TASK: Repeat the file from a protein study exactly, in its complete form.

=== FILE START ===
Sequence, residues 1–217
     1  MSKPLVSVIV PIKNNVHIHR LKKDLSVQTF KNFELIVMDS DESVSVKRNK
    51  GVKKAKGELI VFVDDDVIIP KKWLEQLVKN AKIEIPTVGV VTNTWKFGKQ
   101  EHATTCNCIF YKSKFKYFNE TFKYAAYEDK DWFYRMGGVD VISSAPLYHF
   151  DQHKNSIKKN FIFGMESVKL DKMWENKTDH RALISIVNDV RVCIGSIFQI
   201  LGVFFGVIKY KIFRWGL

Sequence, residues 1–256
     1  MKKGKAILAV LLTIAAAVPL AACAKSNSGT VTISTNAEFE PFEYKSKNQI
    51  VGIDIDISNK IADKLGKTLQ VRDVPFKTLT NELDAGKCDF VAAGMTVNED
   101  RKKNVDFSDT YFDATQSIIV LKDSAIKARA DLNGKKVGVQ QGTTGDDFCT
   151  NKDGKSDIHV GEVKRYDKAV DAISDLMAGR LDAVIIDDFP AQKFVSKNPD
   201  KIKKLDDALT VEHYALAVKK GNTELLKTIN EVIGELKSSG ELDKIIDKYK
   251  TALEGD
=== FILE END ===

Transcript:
Sequence, residues 1–217
     1  MSKPLVSVIV PIKNNVHIHR LKKDLSVQTF KNFELIVMDS DESVSVKRNK
    51  GVKKAKGELI VFVDDDVIIP KKWLEQLVKN AKIEIPTVGV VTNTWKFGKQ
   101  EHATTCNCIF YKSKFKYFNE TFKYAAYEDK DWFYRMGGVD VISSAPLYHF
   151  DQHKNSIKKN FIFGMESVKL DKMWENKTDH RALISIVNDV RVCIGSIFQI
   201  LGVFFGVIKY KIFRWGL

Sequence, residues 1–256
     1  MKKGKAILAV LLTIAAAVPL AACAKSNSGT VTISTNAEFE PFEYKSKNQI
    51  VGIDIDISNK IADKLGKTLQ VRDVPFKTLT NELDAGKCDF VAAGMTVNED
   101  RKKNVDFSDT YFDATQSIIV LKDSAIKARA DLNGKKVGVQ QGTTGDDFCT
   151  NKDGKSDIHV GEVKRYDKAV DAISDLMAGR LDAVIIDDFP AQKFVSKNPD
   201  KIKKLDDALT VEHYALAVKK GNTELLKTIN EVIGELKSSG ELDKIIDKYK
   251  TALEGD